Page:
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Publication numberUS2251224 A
Publication typeGrant
Publication dateJul 29, 1941
Filing dateJul 11, 1940
Priority dateJul 11, 1940
Publication numberUS 2251224 A, US 2251224A, US-A-2251224, US2251224 A, US2251224A
InventorsCurtis John C
Original AssigneeSullivan Machinery Co
Export CitationBiBTeX, EndNote, RefMan
External Links: USPTO, USPTO Assignment, Espacenet
Rock drill
US 2251224 A
Abstract  available in
Images(2)
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Claims  available in
Description  (OCR text may contain errors)

July 29,, W41. I J. c. CURTIS 2,251,224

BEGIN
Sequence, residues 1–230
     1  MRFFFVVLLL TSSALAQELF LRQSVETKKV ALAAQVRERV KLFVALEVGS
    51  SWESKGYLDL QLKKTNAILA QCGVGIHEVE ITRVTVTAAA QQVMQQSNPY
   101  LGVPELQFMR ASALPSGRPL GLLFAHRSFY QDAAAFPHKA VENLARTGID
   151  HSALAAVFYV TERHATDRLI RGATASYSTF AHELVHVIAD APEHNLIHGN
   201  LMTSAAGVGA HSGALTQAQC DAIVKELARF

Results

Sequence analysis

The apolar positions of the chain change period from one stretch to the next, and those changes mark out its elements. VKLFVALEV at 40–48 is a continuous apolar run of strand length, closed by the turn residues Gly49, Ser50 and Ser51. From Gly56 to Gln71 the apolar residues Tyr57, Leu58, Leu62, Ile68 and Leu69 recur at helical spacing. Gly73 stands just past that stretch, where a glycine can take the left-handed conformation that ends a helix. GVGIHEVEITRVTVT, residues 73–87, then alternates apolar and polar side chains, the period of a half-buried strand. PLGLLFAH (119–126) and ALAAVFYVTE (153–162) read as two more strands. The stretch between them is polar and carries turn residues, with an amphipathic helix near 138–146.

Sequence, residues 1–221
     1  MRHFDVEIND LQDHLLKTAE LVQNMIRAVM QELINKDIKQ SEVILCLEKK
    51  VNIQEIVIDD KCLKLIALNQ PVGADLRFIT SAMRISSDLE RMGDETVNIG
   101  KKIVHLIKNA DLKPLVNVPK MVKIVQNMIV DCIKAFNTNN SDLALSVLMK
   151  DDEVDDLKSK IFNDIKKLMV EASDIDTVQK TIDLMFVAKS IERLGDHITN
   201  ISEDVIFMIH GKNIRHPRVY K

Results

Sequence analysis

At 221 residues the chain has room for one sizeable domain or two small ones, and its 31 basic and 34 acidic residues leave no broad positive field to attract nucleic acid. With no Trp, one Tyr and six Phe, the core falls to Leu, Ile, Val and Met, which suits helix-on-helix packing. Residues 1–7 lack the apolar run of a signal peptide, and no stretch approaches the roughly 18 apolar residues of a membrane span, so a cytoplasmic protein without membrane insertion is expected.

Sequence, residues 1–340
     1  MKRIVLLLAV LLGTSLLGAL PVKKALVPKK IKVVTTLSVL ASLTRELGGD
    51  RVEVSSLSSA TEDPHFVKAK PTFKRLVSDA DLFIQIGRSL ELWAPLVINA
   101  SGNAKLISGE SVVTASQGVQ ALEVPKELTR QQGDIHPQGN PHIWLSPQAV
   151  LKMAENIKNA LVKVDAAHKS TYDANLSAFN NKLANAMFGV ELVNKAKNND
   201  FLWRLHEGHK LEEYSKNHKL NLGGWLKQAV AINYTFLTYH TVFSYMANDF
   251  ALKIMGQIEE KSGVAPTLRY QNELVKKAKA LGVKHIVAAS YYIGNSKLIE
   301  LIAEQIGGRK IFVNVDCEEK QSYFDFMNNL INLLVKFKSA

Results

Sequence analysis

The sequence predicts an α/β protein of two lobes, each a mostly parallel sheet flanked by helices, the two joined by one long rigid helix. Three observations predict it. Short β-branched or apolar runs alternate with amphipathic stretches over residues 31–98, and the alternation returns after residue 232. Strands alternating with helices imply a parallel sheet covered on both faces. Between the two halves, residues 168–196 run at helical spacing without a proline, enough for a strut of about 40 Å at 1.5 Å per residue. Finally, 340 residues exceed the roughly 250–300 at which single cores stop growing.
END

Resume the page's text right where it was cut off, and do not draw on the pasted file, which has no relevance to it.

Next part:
ROCK DRILL Filed July ll, 1940 2 Sheets-Sheet l /5 g I I I /6 zm g 06323022 66 34 zflaim 6 [wre k 2 flwfimmt Y M J. c. CURTIS 1,

aocx DRILL Filed July 11, 1940 2 Sheets-Sheet 2 a? E 4 v Ex 62 g 905 .2 3-

& P -5 Patented July 29, 1941 UNITE ROCK DRILL John 0. Curtis, Claremont, N. H., assignor to Sullivan Machinery Company, a corporation of Massachusetts Application July 11, 1940, Serial No. 344,954

15 Claims.

This invention relates to rock drills, and more particularly to hole cleansing means for rock drills of the pneumatically operated hammer piston type.